Gazette About Books Archives
The Thaddeus Gazette

Ghost Story

I had a Sandahbeth moment the other night, jamming with Mercedes Nicole at a charity dinner.

It's not the first time I've been an unpaid extra in a musical outfit. My experiences have ranged from awesome to awful, usually strictly dependent on how much I tried to stagewallow. This time I was requested for one song, with the invitation to sit in as much as I pleased.

Having jammed myself into jams all too often, I tried the enlightened mindful participation approach. A band with a keyboard trio and tenor sax is more than enough match for a singer, even a slick-chick singer of Mercedes' prowess, and all a trombone can do is complicate matters. I did my best to stay simple, sitting out on the ballads and keeping my solos succinct when I did play. I still swallowed more notes than I liked and felt over my head, the way I always do when I'm playing with real jazzers, but at least I wasn't being a total braying ass as well.

Temporarily in the audience listening to them play What A Difference A Day Made, I thought about S and a magic moment on that song that she had with an organist in a crappy motel lounge in Portland Oregon.

It was a slow night. Molasses. The B3 player was strictly marking time. S went up and shyly asked if she could do a song. The keyboard man was doubtful, but gave a what-the-wha? shrug and nodded. "What A Difference A Day Made, in C," I suggested. S counted it out.

He dutifully served up an elegant introduction. About five seconds after she started singing, you could see the big smile blossoming on his big face from the back of the room. His playing went from elegant to inspired, S's voice soaring and swooping to meet his licks. The audience, what there was of it, went wild.

Holy crap, 1985, was it? Twenty-dang-five years ago?

Then Mercedes' band played Knockin on Heaven's Door (there actually is a jazz arrangement of that song) and S strolled up and sat down. We had ourselves a little conversation, we did. And she even helped settle a problem I had.

The upside (if you can even use that word in this case) of losing a life partner is that you get all their stuff. One of the numerous items still kicking around the castle from the previous wifie was a rather good flute. I'd had it appraised by a instrument repairing friend and knew what I could get for it on Craigslist. But while I don't can't and never have played the flute, I wanted to honor the inheritance. I was loath to just cash it out for grocery money.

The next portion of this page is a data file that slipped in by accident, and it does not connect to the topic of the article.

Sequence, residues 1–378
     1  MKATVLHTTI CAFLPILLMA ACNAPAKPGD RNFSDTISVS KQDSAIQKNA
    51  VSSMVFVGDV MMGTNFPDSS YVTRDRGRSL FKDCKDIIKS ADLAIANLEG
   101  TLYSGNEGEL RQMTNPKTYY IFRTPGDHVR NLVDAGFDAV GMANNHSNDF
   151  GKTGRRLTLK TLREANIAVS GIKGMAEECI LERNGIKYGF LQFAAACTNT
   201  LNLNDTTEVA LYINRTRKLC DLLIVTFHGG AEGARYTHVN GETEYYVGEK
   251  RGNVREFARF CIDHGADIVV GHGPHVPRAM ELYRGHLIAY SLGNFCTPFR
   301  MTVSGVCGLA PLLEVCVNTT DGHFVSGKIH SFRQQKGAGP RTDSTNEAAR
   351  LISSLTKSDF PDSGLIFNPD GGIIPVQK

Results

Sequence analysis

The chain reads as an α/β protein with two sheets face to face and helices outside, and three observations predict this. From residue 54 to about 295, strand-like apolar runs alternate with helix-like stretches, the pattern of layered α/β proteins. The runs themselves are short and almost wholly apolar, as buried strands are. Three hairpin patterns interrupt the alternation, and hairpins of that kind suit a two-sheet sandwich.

On the other extremity, I had just acquired on the self-same Craigslist a mangy mongrel of a C clarinet, that odd-duck woodwind prized by klezmer and trad jazz players and scarce as dalmatian feathers, an instrument I'd been seeking for a goodly long time. The same instrument-repairing friend was happy to knock it back into shape, for a price. But with a living room crammed with exotic noisemakers and a hungry mortgage growling at the door, the transaction had started to take on the appearance of bad judgement or even that dreaded musical malady, instrument hoarding. I expected a knock on the door from Instrument Control any day.

Sandahbeth had a solution. She (or whatever passed for She in the depths of my jazz-addled mind) suggested I sell or trade her flute to pay for the repairs. Now why didn't I think of that? (Or did I...?) The idea that I could make an exchange of an instrument I didn't play for one I did (and will!), especially one with the provenance of S's flute, was a perfect answer and did a lot to ease my mind.

And she gave me a kiss and split, and I got up and joined in on a shuffle.

What's all this then? The ways of dear departeds is a mystery, and I'm not the one to really try to plumb them. Does the soul survive discorporation? Do we flutter about, disembodied handkerchiefs or butterflies, awaiting the opportunity to slither back into a skinsuit and go through the dance again? Do we wail away through the Tunnel o' Light™ to meet and greet and press ether with our ancestors? Do we just go away? In my numerous years in this shopworn but still serviceable body I've yet to figure out where I am, let alone the dear departeds.

At best, my least-hypothesis guess is that my hominid brain is fully capable of carrying mockup people around. I have a personality of my own — why should it be the only one? And I have a lot of S in me, both as life memories and, more subtly, as absorbed identity. There's a whole school of evolutionary psychology that examines the survival qualities of such a mechanism in social species. The concept is that being able to mirror another's personality gives you an edge in predicting their response to a challenge or offer of cooperation.

I tend to follow the principle that fact trumps fiction, no matter how unpleasant. Even things that you can't do anything about, like death, are better faced squarely than skated around. But in matters that have no conclusive answer, like death, there's always wiggle room, especially when the validity of the answer means squat to any physical circumstance.

And when you get right down to it, nobody knows what happens when you die except the people who are already dead. We have a buttload of hypotheses of greater or lesser likelihood, but none of them can be validated. And that means that we're free, each and every meatbox one of us, to choose whatever floats our hope boat.

So if S appears to have autonomous existence in some eldritch quarter of my perception, who am I to try to parse the mechanism?


Gazette | About | Books | Archives |